As much as I’d love to use this space for a lengthy debate regarding my ballot for the Hall of Fame class of 2020, this explainer doesn’t really need much explaining.
It’s only three players: Barry Bonds, Roger Clemens and Derek Jeter.
Bonds and Clemens, two players linked to PEDs (but never punished by MLB), are becoming less controversial selections with each passing year. Both have appeared on my ballot every year of their eligibility, and they continue to gain traction as some BBWAA members change their minds and newer voters enter the fray with a more liberal view of the PED era.
In an effort to navigate some of this gray area, any player who has been disciplined by MLB for PED offenses is disqualified in my mind (sorry, Manny Ramirez).
I’ve detailed my reasoning on this repeatedly, so here’s an excerpt from last year’s column, which I feel summed things up pretty well.
As for Bonds and Clemens, we’ve already been over this a million times. Obviously, both fit the description as transcendent, once-in-a-generation players as well as being among the greatest to put on a uniform. For the record, neither one was ever disciplined by Major League Baseball for performance-enhancing drugs, and in an extremely complicated era for all sports, that’s the threshold I go by when it comes to their Cooperstown eligibility.
It’s also worth noting that the BBWAA — the same organization that has kept both from the Hall thus far — voted Bonds the MVP seven times, including four straight from 2001-04, regardless of whatever suspicions floated around him. Clemens earned both the MVP and Cy Young Award from the BBWAA in 1986, and the writers voted him six more Cy Young Awards before his retirement in 2007.
I’ve never wavered on Bonds and Clemens since they first appeared on the ballot in 2013, but plenty of others have flipped on them since, which is partly the reason why both have climbed from the high-30s percentage-wise to nearly 60 last year (59.1 and 59.5, respectively). Given that neither has played a game during that period, a philosophical shift (or bending to backlash?) can be the only explanation.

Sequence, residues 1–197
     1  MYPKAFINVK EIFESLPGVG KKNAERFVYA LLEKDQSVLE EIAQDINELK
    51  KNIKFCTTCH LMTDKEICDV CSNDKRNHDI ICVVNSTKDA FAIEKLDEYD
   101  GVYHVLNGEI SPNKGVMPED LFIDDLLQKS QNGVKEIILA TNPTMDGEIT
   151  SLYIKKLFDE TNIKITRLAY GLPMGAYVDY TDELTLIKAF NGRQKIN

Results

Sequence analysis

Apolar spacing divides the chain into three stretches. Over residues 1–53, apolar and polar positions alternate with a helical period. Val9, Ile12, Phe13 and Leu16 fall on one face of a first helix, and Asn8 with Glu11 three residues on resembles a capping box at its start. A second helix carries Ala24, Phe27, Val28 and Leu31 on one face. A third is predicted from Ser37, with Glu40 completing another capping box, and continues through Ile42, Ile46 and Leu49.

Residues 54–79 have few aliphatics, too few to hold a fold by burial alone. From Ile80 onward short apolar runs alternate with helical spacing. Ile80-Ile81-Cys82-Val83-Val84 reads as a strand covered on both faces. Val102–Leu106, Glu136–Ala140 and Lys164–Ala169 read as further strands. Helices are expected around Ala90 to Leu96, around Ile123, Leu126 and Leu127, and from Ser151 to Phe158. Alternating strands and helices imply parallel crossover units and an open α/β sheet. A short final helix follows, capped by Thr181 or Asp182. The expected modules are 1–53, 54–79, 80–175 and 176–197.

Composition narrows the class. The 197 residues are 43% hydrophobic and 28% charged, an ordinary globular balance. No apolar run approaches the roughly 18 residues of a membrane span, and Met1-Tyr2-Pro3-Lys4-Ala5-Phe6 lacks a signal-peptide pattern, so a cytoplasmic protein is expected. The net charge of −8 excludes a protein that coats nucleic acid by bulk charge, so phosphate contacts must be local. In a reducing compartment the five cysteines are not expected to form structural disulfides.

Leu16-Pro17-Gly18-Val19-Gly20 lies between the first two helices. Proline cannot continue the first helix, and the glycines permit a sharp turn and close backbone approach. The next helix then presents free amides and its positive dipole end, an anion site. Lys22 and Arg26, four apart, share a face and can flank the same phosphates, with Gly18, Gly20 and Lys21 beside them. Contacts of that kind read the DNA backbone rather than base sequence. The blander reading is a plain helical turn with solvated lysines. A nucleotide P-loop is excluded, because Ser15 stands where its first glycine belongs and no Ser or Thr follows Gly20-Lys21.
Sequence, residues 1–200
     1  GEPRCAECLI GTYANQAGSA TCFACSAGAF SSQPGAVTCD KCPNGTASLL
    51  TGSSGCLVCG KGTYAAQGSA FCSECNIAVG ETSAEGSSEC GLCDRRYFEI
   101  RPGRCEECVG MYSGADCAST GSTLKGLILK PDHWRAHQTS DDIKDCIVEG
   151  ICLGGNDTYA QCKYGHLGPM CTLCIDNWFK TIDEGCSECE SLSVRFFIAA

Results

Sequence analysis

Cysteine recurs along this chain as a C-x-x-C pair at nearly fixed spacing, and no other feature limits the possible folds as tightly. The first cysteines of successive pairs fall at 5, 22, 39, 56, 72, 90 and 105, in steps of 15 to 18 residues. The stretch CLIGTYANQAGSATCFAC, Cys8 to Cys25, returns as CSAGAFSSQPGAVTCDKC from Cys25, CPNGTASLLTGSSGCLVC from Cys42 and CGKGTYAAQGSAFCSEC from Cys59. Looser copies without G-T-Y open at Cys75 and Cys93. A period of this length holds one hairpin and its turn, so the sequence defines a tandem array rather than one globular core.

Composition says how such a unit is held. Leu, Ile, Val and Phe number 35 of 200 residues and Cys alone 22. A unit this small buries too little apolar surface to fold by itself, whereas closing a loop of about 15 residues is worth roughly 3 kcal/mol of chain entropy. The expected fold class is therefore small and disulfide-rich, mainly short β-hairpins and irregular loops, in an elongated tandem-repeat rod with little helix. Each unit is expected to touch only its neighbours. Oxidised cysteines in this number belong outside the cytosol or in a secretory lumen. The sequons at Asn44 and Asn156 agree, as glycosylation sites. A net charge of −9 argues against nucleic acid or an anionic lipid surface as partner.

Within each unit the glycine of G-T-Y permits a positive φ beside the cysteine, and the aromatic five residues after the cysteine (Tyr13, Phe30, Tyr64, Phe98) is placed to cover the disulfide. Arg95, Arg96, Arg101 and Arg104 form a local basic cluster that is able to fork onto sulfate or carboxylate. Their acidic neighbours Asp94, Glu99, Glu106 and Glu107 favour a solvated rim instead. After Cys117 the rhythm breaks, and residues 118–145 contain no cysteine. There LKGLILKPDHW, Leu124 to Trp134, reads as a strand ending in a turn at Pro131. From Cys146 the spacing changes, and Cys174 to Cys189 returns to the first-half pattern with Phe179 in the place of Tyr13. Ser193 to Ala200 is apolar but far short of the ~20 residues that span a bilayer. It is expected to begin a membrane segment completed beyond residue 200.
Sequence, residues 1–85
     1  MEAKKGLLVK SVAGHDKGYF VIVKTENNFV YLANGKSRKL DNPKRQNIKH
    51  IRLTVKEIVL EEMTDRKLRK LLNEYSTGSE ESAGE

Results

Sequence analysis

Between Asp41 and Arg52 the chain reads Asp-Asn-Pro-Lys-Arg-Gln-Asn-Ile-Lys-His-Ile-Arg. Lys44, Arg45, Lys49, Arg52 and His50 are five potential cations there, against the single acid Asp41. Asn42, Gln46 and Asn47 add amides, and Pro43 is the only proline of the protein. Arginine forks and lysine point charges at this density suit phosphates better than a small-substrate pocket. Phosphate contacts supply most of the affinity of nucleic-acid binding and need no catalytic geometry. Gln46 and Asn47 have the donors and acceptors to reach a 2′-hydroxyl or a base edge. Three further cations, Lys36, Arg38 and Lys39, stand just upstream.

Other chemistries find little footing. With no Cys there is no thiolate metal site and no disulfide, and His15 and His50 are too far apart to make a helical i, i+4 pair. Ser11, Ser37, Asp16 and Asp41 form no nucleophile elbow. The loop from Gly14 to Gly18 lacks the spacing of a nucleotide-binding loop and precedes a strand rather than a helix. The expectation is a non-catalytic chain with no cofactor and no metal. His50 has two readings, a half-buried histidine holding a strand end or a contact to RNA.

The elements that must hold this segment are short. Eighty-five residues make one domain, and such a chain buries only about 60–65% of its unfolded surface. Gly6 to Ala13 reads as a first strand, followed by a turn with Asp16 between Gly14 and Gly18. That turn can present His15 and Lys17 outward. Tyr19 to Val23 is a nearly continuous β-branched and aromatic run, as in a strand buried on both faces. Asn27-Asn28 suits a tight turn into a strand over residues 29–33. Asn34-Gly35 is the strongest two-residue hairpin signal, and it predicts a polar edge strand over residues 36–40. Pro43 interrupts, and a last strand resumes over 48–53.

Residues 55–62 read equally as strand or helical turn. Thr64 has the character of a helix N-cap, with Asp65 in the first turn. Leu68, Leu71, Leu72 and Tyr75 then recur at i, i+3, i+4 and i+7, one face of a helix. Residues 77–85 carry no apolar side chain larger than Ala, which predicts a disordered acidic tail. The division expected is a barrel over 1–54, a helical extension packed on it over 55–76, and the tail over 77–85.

I think we can all agree that Jeter is a no-brainer, the only suspense being whether he’s able to match former teammate Mariano Rivera as a unanimous selection.
Beyond those three, there are cases to be made for others on the ballot, and voters are allowed to pick 10. But I re-examined my own process last year after Harold Baines got in by a 12-vote majority cast by the Today’s Game Era committee. No offense to Baines, but that sort of nudged me toward more of a “small hall” mentality — something I had wrestled with since I first started voting 14 years ago — and my past two ballots now reflect that.
Careers are dissected more thoroughly now than ever before, and advances in statistical analysis have provided us with a multi-dimensional snapshot of a player’s performance. That’s definitely elevated a number of players in recent years, and good for them. I’ve just chosen to focus on those at the top of Olympus rather than the group being evaluated on the margins.